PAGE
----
CDC: Arthritis Rampant, Growing, and Costly

Finds 1 in 4 has disease, eating up 1% of GDP

THURSDAY, May 13, 2004 (HealthDayNews) -- One in every four U.S. adults has doctor-diagnosed arthritis, and the problem is only likely to get bigger as baby boomers age and as Americans get fatter, new government figures show.

In 1997, the last year for which numbers were available, the costs for this disease totaled $86.2 billion -- a staggering 1 percent of the U.S. gross domestic product.

"The money used to treat arthritis and from lost earnings is equivalent to a chronic recession," said Louise Murphy, an epidemiologist under contract to the U.S. Centers for Disease Control and Prevention and one of the authors of new findings published in the May 14 edition of the CDC publication Morbidity and Mortality Weekly Report.

The report is the first to look at arthritis prevalence state by state; in all, 30 states were examined.

According to the CDC, 49 million American adults reported doctor-diagnosed arthritis in 2001, while another 21 million reported chronic joint symptoms (CJS).

"It's an enormous problem," said Kevin Brennan, senior vice president of health policy at the Arthritis Foundation in Washington, D.C. "People with arthritis still die 10 years sooner than someone who does not have arthritis. We have a lot of work to do."

Arthritis is the leading cause of physical disability in the United States. Although there are more than 100 different types of arthritis, the most common is osteoarthritis, which is associated with aging, obesity and physical trauma to the joints.

Women and older adults are more likely to suffer from osteoarthritis. But the condition can be largely prevented and treated.

"There are a lot of self-help things people can do for that -- exercise programs, aquatic exercise to take stress off joints, trying to lose weight, strengthening the muscles, and there are medicines that you can take for that type of pain," said Dr. Leonard Serebro, senior staff rheumatologist at the Ochsner Clinic Foundation in New Orleans.

Whether Americans are actually doing these things is another story.

The study authors looked at responses to questions about arthritis that were included in the Behavioral Risk Factor Surveillance System (BRFSS) from 30 states.

Participants, reached in a random telephone survey, were asked, "Have you ever been told by a doctor or other health professional that you have some form of arthritis, rheumatoid arthritis, gout, lupus, or fibromyalgia?" Those who answered yes were considered to have doctor-diagnosed arthritis.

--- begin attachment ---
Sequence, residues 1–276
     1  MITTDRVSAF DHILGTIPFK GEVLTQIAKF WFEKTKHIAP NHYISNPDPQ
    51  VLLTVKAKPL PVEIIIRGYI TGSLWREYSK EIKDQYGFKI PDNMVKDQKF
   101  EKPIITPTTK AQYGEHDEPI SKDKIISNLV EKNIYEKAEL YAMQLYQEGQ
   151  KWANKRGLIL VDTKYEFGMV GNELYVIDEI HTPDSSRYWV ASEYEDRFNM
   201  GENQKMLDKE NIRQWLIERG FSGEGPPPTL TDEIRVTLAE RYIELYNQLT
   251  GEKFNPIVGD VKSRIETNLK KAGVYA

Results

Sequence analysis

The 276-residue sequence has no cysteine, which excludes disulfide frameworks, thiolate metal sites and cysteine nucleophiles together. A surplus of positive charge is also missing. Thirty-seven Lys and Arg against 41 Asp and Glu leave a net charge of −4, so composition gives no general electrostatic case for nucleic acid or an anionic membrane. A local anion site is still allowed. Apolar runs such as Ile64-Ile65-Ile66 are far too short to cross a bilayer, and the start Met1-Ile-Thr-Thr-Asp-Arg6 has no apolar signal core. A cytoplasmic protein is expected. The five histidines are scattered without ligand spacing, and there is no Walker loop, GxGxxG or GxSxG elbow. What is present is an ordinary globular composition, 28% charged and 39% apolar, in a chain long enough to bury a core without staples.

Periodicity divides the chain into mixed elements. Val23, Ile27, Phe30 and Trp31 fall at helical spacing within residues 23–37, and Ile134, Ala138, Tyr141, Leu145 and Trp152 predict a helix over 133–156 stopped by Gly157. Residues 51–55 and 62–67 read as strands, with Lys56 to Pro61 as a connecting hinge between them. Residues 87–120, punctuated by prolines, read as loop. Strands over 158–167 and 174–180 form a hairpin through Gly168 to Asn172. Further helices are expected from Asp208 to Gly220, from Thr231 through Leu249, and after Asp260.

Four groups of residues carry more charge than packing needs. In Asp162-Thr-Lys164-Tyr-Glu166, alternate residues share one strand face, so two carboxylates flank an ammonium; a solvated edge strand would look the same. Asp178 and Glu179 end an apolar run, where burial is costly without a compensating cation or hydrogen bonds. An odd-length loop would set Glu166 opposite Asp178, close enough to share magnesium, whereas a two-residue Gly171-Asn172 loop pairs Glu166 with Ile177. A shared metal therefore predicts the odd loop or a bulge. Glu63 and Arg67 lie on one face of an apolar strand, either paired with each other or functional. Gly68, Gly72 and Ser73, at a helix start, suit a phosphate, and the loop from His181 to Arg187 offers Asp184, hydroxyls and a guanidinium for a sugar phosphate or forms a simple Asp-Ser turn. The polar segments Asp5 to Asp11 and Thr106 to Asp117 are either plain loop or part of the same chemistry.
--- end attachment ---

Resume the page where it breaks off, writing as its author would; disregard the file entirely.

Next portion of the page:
Doctor-diagnosed arthritis carries more weight than self-reported arthritis, Serebro pointed out.

The prevalence of doctor-diagnosed arthritis ranged from 17.8 percent in Hawaii to 35.8 percent in Alabama. The median was 27.6 percent. Older people and women were more likely to have arthritis in all states.

Possible arthritis, meaning self-reported arthritis not diagnosed by a doctor, ranged from 10.3 percent in Hawaii to 21.3 percent in Iowa, with a median of 17.3 percent.

Wyoming had the lowest arthritis-related costs ($121 million), while California had the highest ($8.3 billion).

Future trends could go either way, depending on how well Americans take care of themselves. On the one hand, said Dr. Chad Helmick, one of the study authors and a medical epidemiologist with the Arthritis Program, "the population is getting older and we also have an obesity epidemic occurring." Both of those factors mean a higher risk for osteoarthritis.

On the other hand, Helmick added, "people can change their behavior to be physically active and to be a healthy weight."

"There are known interventions and they are underutilized," Brennan pointed out. "We're still not reaching enough people with an important awareness message. We're not getting enough folks diagnosed and aggressively treated."

More information

The Arthritis Foundation has more on how to limit the disease's impact and on programs and services.

SOURCES: Kevin Brennan, senior vice president, health policy, Arthritis Foundation, Washington, D.C.; Chad Helmick, M.D., medical epidemiologist, Arthritis Program, U.S. Centers for Disease Control and Prevention, Atlanta; Louise Murphy, epidemiologist, Arthritis Program, U.S. Centers for Disease Control and Prevention, Atlanta; Leonard Serebro, M.D., senior staff rheumatologist, Ochsner Clinic Foundation, New Orleans; May 14, 2004, Morbidity and Mortality Weekly Report
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